# Tag Archives: higher order digital sequence

## Digital Nets and Sequences Preprint

A complete preprint of the book

is now available here. The final published version can be obtained directly from Cambridge University Press here.

The preprint version differs of course from the final version, for instance, the page numbers are different. However, the numbering of Chapters, Sections, Theorems, Lemmas, Corollaries, Definitions and Examples is the same in both versions. The list of corrections is for the published version. We do not have a separate list for the preprint version (though the corrections for the published version also apply to the preprint version).

## Some possible simplifications of the notation of higher order nets and sequences

In this entry I discuss the definition of (digital) higher order nets and sequences and some possible simplifications of the notation.

Digital higher order nets and sequences have been introduced in

whereas higher order nets have been introduced in

• [2] J. Dick and J. Baldeaux, Equidistribution properties of generalized nets and sequences. In: Proceedings of the MCQMC’08 conference, Montreal, Canada, P. L’Ecuyer and A. Owen (eds.), pp. 305–323, 2009. doi: 10.1007/978-3-642-04107-5_19 An earlier version can be found here.

There are several parameters occurring in the definition of higher order nets, namely $t, \alpha,\beta, n, m, s, b$ and for higher order sequences we have the parameters $t, \alpha, \beta, \sigma, s, b.$

(Digital) higher order nets and sequences are point sets $\{\boldsymbol{x}_0,\ldots, \boldsymbol{x}_{b^m-1}\} \subset [0,1)^s$ and sequences $\{\boldsymbol{x}_0,\boldsymbol{x}_1, \ldots, \}$ such that

$\displaystyle \left|\int_{[0,1]^s} f(\boldsymbol{x}) \,\mathrm{d} \boldsymbol{x} - \frac{1}{N} \sum_{n=0}^{N-1} f(\boldsymbol{x}_n) \right| = \mathcal{O} (N^{-\alpha} (\log N)^{\alpha s}),$

where ${}N =b^m$ is the number of quadrature points and ${} \alpha$ is the smoothness of the integrand ${}f.$ Continue reading

## Higher order scrambling

This paper deals with a generalization of Owen’s scrambling algorithm which improves on the convergence rate of the root mean square error for smooth integrands. The bound on the root mean square error is best possible (apart from the power of the $\log N$ factor) and this can also be observed from some simple numerical examples shown in the paper (note that the figures in the paper show the standard deviation (or root mean square error) and not the variance of the estimator). In this post you can also find Matlab programs which generate the quadrature points introduced in this paper and a program to generate the numerical results shown in the paper. Continue reading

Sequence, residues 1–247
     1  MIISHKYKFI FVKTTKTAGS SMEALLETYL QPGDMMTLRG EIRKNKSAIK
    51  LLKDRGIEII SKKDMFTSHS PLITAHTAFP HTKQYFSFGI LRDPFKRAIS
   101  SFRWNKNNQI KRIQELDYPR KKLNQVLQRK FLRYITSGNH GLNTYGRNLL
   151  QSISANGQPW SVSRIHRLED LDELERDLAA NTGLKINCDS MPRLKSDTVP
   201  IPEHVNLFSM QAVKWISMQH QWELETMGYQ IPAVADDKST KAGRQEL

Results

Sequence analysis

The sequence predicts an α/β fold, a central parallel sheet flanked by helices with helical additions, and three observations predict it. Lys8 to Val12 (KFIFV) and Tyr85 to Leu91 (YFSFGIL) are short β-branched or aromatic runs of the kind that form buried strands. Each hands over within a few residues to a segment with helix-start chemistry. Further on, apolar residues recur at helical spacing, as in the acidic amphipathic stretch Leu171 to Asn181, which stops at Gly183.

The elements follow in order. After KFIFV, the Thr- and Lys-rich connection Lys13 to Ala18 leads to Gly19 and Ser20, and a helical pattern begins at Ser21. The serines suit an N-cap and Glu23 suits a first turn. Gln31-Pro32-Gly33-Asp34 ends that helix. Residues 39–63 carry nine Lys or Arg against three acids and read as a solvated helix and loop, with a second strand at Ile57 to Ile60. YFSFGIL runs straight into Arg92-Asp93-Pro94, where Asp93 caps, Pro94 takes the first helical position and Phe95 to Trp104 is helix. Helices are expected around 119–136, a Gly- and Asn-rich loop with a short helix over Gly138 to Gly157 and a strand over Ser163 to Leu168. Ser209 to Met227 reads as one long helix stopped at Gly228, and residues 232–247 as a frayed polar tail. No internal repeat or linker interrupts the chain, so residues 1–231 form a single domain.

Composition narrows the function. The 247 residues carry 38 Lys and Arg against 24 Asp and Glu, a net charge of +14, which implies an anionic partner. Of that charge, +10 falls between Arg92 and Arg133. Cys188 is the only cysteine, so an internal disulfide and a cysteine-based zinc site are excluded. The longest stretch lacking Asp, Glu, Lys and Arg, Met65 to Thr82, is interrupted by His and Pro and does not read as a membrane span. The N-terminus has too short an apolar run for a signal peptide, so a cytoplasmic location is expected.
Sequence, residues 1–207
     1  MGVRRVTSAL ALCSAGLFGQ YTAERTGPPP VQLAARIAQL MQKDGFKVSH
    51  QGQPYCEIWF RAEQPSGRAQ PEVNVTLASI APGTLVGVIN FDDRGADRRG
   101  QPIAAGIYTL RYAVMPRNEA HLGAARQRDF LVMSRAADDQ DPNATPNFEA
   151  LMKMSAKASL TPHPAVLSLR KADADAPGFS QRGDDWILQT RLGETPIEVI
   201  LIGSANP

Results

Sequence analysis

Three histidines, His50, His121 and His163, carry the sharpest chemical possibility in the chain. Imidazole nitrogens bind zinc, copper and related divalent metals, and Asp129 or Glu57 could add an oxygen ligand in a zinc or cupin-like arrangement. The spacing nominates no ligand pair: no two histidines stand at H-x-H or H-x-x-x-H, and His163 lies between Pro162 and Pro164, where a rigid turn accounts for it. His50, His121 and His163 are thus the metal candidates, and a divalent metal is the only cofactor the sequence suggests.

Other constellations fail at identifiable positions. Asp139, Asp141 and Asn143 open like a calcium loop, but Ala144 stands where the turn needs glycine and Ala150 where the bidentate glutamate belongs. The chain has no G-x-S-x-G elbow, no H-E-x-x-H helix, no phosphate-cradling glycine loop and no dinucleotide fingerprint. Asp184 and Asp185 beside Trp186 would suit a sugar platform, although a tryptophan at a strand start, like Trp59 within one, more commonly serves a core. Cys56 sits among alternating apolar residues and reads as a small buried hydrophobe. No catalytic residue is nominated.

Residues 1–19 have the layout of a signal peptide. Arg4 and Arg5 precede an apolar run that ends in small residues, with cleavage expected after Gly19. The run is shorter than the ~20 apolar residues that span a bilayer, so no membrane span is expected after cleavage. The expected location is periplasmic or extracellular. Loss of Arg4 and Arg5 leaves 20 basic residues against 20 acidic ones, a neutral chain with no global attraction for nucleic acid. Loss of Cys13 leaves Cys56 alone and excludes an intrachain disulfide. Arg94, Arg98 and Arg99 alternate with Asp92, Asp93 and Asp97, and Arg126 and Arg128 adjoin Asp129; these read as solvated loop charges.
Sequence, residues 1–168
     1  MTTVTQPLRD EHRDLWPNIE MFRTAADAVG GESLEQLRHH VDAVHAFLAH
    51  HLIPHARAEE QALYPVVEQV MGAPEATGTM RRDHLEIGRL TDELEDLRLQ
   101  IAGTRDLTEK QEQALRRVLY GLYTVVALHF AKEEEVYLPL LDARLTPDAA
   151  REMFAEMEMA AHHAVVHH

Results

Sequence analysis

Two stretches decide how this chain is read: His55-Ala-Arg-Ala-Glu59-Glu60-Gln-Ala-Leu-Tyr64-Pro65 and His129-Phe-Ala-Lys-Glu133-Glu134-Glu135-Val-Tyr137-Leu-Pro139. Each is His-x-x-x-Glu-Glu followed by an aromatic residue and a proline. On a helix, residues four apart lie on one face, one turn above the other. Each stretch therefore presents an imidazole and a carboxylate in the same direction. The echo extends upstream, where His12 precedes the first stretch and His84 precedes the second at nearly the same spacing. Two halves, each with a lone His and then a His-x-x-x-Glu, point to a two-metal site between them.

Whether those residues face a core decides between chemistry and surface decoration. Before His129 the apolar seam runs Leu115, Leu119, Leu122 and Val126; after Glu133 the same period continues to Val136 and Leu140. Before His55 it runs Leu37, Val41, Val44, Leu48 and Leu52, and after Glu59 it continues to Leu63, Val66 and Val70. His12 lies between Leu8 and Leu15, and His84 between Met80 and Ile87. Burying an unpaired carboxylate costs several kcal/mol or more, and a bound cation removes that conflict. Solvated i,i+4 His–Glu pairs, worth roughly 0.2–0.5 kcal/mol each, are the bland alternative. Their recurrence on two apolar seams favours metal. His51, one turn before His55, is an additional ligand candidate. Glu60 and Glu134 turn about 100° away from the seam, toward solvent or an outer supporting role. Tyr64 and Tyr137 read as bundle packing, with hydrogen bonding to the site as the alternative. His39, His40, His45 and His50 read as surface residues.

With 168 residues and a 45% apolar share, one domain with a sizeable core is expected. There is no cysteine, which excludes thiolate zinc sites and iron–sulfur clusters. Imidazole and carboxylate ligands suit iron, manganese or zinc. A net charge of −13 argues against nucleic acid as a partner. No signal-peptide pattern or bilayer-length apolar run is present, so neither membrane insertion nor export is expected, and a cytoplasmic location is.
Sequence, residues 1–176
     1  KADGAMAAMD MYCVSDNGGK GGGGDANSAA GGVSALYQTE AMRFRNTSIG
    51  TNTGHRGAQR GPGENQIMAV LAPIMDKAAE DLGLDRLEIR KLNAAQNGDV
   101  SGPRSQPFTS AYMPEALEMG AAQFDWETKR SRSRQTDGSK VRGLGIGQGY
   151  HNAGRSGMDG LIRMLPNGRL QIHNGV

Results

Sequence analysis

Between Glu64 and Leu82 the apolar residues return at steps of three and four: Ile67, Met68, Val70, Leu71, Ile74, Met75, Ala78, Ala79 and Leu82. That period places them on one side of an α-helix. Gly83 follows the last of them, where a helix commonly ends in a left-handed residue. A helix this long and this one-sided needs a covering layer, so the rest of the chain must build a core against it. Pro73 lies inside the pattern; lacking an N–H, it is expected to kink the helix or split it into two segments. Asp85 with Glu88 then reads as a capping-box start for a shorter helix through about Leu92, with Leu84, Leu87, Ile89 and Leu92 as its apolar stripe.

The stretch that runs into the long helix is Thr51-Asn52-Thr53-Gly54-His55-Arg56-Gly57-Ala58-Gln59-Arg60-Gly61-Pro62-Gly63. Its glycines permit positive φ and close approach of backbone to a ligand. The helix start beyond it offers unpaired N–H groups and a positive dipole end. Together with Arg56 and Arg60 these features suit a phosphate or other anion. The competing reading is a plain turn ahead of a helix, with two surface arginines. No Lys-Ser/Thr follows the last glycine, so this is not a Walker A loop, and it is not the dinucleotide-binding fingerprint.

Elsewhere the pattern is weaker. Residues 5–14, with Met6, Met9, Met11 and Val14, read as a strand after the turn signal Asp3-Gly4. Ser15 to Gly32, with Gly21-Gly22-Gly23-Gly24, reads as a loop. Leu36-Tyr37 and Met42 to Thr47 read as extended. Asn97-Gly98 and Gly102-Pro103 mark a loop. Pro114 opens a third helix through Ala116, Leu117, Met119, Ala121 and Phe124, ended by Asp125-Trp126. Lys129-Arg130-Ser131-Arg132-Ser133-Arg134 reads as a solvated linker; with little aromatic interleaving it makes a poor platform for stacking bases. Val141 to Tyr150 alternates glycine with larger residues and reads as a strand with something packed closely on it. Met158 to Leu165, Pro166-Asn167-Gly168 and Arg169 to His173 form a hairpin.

## How to generate higher order Sobol points in Matlab and some numerical examples

Higher order digital nets and sequences are quasi-Monte Carlo point sets $\{\boldsymbol{x}_{n-1}\}_{n=1}^N,$ where $N=b^m$ for digital nets and $N=\infty$ for digital sequences (for more background information on this topic see Chapters 1-4 and Chapter 8 in the book; several sample chapters of this book can be downloaded here), which satisfy the following property:

$\displaystyle \left|\int_{[0,1]^s} f(\boldsymbol{x}) \, \mathrm{d} \boldsymbol{x} - \frac{1}{b^m} \sum_{n=0}^{b^m-1} f(\boldsymbol{x}_n) \right| \le C_{s,\alpha} \frac{(\log N)^{s \alpha}}{N^\alpha}, \hspace{2cm} (1)$

where $\alpha \ge 1$ is the smoothness of the integrand ${}f$ and $C_{s,\alpha} \textgreater 0$ is a constant which only depends on ${}s$ and ${}\alpha$ (but not on ${}N).$ For instance, if ${}f$ has square integrable partial mixed derivatives up to order ${}2$ in each variable, then we get a convergence rate of $\mathcal{O}(N^{-2+\varepsilon}),$ where ${}N$ is the number of quadrature points used in the approximation and $\varepsilon >0$ can be chosen arbitrarily small. If ${}f$ has ${}3$ derivatives then we get a convergence of $\mathcal{O}(N^{-3+\varepsilon}),$ and so on.

This method has been introduced in the papers:

The first paper only deals with periodic functions, whereas the second paper also includes nonperiodic functions.

For some heuristic explanation how higher order digital nets and sequences work see the paper:

• J. Dick, On quasi-Monte Carlo rules achieving higher order convergence. In: Proceedings of the MCQMC’08 conference, Montreal, Canada, P. L’Ecuyer and A. Owen (eds.), pp. 73–96, 2009. doi: 10.1007/978-3-642-04107-5_5 An earlier version can be found here.

In this entry we provide a Matlab program which generates point sets which satisfy the property (1). Continue reading